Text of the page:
Egypt's economy will grow 5.1% in the fiscal year that ends in June 2022, but accelerate to 5.5% in each of the following two years as tourism continues to rebound and the effects of the coronavirus pandemic wane, a Reuters poll showed.
The central bank said last month economic growth surged to 7.7% in the final quarter of the last fiscal year, indicating growth of 3.3% for the entirety of 2020/21, up from a previous full fiscal-year estimate of 2.8%.
Economists in a July poll predicted economic growth would be 5.0% for the year to next June.
"We expect consumption growth to pick up from a low base post-COVID and public investment to remain strong this year," Allen Sandeep of Naeem Brokerage said.
"What will be critical to see is if this growth is sustained in 2022/23, by when the pandemic effects should hopefully subside substantially."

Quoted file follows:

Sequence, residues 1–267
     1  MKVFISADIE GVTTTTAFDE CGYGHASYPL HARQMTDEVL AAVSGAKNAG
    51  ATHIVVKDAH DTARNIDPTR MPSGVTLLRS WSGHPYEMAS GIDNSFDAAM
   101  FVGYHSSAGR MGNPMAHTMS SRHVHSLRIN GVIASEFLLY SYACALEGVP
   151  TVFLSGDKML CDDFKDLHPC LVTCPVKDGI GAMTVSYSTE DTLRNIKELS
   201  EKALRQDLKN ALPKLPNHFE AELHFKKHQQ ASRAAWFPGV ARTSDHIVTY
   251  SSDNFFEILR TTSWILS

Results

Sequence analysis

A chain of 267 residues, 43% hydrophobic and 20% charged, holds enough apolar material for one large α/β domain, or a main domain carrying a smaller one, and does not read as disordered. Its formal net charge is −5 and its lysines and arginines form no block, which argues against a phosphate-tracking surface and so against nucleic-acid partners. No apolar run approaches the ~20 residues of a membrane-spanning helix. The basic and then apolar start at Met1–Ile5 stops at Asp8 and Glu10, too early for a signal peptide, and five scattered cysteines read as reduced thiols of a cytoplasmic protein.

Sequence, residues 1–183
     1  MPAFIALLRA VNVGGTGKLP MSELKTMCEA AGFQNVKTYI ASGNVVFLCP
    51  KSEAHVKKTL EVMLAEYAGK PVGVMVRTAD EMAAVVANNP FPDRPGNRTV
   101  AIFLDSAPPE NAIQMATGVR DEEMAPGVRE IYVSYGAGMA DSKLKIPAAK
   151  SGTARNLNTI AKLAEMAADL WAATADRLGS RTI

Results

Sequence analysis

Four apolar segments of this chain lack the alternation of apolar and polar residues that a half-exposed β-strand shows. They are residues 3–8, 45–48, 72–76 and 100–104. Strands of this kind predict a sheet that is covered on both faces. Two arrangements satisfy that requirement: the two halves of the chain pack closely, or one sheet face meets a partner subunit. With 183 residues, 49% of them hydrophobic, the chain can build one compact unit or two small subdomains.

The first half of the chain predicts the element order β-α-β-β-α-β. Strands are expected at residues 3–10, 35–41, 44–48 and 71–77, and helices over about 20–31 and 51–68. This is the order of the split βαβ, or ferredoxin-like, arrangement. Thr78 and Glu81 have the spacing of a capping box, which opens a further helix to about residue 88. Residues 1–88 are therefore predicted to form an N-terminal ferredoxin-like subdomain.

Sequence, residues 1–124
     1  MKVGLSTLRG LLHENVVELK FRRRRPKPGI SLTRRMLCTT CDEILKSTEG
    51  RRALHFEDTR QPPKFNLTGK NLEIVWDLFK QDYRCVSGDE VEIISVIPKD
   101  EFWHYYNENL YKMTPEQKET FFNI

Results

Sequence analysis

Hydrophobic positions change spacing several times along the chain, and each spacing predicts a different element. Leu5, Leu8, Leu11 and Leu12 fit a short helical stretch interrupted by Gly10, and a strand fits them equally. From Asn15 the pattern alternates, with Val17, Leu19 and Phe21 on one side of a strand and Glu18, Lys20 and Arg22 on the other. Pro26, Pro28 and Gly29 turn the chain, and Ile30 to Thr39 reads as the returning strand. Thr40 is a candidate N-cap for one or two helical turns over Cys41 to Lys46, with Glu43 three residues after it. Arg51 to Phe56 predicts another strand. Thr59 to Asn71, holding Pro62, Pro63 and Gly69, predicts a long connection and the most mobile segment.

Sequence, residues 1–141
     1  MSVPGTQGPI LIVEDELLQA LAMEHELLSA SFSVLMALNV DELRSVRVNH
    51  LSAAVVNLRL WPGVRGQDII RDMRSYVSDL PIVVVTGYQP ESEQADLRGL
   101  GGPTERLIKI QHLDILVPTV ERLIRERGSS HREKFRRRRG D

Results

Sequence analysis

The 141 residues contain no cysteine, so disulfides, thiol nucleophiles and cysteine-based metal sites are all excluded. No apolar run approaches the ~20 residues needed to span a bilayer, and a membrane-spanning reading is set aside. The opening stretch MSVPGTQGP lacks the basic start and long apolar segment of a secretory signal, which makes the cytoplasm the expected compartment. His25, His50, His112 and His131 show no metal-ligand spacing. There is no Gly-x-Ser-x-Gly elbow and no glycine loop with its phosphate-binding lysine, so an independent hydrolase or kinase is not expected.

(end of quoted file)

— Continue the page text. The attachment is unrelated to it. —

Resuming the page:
Tourism has been gradually recovering from COVID travel restrictions put in place in March 2020.
Tourism revenue plummeted to $4.9 billion in 2020/21 from $9.9 billion a year earlier. But in the April to June quarter it bounced back to $1.75 billion from a low of $305 million in the same quarter of 2020, according to central bank data.
In the latest Reuters poll, economists expected annual urban consumer price inflation to climb to 6.0% in 2021/22, then picking up even further to 6.4% in 2022/23 and 7.0% in 2023/24, still within the central bank's target range of 5% to 9%.
Egypt's annual inflation rose to 6.6% year-on-year in September, its highest in 20 months, from 5.7% in August, mainly due to rising food prices, the state statistics agency CAPMAS said this month.
The currency will weaken to 15.81 Egyptian pounds per dollar by the end of 2021, to 16.25 by the end of 2022 and to 17.24 by the end of 2023, the Oct. 8-20 poll of 22 economists showed.
The central bank is expected to leave its overnight lending rate unchanged at 9.25% throughout 2021/22 and 2022/23, then increase it to 10.25% by the end of June 2024, the poll found.
"We believe Egypt's sizeable CA (current account) deficit explains the central bank's reluctance to cut interest rates," causing a strong increase in imports and income outflows, RenCap's Yvonne Mhango wrote in a note.